March 25, 2021
Standing Against Hate
We are sickened by the Anti-Asian violence, aggression, and intimidation that has escalated in our country over the past year, recently claiming the lives of eight people in Atlanta, Georgia, six of them Asian American women. Our hearts ache for the families, friends, neighbors, and communities of Daoyou Feng, Delaina Ashley Yaun, Hyun Jung Grant, Paul Andre Michels, Soon Chung Park, Suncha Kim, Xiaojie Tan, and Yong Ae Yue. We cannot be silent. The anti-Asian violence, rhetoric, and intimidation we are witnessing today are connected to a long tradition of exclusion, racism, misogyny, bigotry, and xenophobia in our country--hate-filled ideas that are rooted in White Supremacy and borne of fear and ignorance.
We stand in solidarity with our Asian American staff members, family members, partners, and communities. We mourn the loss of life in Atlanta and live with the knowledge that Oregon is not immune to the unacceptable trend we are witnessing. Incidents of hate and intimidation against the Asian American and Pacific Islander community are increasing here too, and these hate-based incidents continue to occur in many of our communities of color across the state. Oregon’s own history of racism and exclusion has brought us to where we are today.
Our shared commitment to center racial equity in our grantmaking and organization continues. By lifting up the work of Asian American and Pacific Islander, Black, Indigenous, immigrant and refugee, and other communities of color across the state, including those working to address gender bias that affects women, gender non-comforming people, and our trans community members, we seek an end to racism and gender violence. We work toward a more just and equitable society that is free from the pernicious effects of hate and discrimination in all its forms.
June 5, 2020
Black Lives Matter.
We at The Collins Foundation are devastated by the callous murder of George Floyd. We also call to mind Ahmaud Arbery, Breonna Taylor, Stephon Clark, Tanisha Anderson, Philando Castile, Tamir Rice, and countless others who have been killed at the hands of the police and others in the recent past and throughout our country’s history. We deeply oppose the systemic racism that pervades Oregon and our country at large. It has resulted in violence against, and lack of justice and opportunity for so many in the Black community. We are all morally diminished and ethically complicit when we allow people to be dehumanized and treated with disregard and cruelty.
Progress towards racial equity has been far too slow. Looking back 50 years to the Civil Rights era, our society is still confronting the same problems of structural racisim, discrimination, and police brutality. It is imperative that we change the systems of oppression that advance some at the expense of others. We must work with determination to achieve a truly just society. Not only is it our moral responsibility, but a truly free and just society is the ultimate aspiration of our democracy.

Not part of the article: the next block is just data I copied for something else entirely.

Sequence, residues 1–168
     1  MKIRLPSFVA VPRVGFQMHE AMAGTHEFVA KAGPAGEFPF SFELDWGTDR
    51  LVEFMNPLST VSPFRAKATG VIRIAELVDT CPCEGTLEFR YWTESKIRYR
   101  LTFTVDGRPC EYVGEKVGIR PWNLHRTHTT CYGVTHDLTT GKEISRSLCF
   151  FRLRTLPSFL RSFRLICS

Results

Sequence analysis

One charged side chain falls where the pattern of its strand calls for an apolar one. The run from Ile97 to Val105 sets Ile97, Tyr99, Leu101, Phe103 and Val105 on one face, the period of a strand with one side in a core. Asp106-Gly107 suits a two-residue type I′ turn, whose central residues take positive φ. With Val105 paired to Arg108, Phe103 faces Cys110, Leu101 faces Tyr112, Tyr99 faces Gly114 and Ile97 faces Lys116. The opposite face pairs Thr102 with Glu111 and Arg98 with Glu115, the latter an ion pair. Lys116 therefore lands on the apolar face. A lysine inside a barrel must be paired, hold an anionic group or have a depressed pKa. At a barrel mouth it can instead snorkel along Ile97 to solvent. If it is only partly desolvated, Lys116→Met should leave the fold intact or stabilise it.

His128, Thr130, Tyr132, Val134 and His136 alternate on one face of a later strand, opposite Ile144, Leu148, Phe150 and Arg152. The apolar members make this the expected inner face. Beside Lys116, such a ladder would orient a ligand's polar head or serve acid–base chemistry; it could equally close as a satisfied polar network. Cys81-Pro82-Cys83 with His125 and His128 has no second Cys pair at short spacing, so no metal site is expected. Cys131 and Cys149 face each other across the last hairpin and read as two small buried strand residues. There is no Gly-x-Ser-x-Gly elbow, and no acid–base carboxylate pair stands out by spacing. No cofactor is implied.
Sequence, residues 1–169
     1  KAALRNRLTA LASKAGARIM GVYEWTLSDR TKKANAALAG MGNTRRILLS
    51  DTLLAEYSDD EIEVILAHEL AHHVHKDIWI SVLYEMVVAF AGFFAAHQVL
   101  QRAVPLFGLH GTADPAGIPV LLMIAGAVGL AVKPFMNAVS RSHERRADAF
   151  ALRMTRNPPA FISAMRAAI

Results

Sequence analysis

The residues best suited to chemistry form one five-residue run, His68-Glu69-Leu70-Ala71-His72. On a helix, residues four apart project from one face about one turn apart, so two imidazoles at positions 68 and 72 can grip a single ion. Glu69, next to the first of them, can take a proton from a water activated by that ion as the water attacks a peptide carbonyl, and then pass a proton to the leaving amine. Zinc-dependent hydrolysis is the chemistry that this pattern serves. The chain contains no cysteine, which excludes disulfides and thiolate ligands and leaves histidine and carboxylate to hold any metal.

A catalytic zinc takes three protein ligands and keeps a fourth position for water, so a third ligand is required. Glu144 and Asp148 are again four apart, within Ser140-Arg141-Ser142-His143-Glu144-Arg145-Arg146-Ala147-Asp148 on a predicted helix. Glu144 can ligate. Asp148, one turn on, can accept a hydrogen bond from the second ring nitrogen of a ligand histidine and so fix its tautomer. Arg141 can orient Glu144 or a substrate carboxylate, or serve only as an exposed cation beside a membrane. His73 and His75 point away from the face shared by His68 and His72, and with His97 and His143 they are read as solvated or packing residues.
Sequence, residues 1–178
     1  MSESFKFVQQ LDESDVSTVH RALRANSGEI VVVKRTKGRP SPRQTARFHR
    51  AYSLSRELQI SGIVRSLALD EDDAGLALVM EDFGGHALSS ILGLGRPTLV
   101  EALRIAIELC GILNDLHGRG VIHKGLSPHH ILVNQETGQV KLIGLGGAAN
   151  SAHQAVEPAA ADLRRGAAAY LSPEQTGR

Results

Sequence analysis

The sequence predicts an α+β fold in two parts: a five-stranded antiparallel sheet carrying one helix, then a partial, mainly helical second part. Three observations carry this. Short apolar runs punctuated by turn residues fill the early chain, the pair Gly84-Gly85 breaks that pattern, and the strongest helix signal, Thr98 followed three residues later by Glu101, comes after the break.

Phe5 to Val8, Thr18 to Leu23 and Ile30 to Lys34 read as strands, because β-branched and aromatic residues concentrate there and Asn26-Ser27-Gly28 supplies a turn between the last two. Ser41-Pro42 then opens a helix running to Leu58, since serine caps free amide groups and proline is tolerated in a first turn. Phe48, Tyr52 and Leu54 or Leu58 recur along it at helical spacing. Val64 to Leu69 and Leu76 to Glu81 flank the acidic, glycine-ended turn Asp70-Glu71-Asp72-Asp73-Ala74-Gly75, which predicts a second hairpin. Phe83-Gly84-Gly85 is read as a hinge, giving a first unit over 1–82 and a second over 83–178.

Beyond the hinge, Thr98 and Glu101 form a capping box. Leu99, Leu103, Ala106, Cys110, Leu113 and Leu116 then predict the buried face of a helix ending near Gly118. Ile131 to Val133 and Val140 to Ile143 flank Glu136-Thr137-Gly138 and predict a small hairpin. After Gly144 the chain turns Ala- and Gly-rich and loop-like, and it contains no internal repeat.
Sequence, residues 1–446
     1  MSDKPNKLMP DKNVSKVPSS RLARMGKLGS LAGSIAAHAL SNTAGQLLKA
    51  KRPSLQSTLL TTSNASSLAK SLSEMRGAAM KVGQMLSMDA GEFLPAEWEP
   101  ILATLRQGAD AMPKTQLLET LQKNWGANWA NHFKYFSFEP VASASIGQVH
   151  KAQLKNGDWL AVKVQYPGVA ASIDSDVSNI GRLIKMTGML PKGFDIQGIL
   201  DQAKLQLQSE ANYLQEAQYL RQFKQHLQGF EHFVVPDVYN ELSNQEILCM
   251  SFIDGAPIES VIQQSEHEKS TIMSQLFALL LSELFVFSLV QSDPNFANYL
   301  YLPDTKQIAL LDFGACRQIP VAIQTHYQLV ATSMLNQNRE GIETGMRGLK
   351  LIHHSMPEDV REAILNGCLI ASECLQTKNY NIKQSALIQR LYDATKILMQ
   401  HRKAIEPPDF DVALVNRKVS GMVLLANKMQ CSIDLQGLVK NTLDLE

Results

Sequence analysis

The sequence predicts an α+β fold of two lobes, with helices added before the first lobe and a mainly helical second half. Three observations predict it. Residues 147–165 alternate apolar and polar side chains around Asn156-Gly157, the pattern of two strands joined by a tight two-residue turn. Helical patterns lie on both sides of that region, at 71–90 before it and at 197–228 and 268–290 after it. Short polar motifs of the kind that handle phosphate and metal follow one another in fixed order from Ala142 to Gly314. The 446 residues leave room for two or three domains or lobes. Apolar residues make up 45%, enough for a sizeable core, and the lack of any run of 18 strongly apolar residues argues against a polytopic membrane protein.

To all who march, both recently and throughout our history, we are grateful. Our First Amendment guarantees the “right of the people peaceably to assemble” and we stand with those protesting for equity, justice, and systemic change. It has always been those with the bravery and conviction to stand up and put themselves in harm’s way who lead us toward a just and peaceful society.
Our Mission toward an Equitable Future
Formed in 1947 by Truman W. Collins Sr. and other members of the family of E.S. Collins, The Collins Foundation invests in Oregon nonprofit organizations, both rural and urban, that are dedicated to improving quality of life and well-being for the people in their communities. As a funder and partner, we are committed to the pursuit of equity, both in how we allocate resources across Oregon’s diverse communities and how we shape our internal structures.
Our Vision for Oregon
We want the state of Oregon to be a place where all people have access to high quality, culturally responsible services in sectors such as health, social services, education, housing, and employment. We also envision vibrant neighborhoods and communities where residents enjoy access to healthy food; a rich variety of artistic and cultural expression; and the benefits of Oregon’s natural environment.
How we Understand Diversity, Equity, and Inclusion
- We welcome, and work to include, the multiple perspectives that diversity brings.
- We know that diversity and inclusion are essential to equity.
- We define equity as the practice and promotion of justice and the fostering of conditions necessary for all people to achieve their full potential.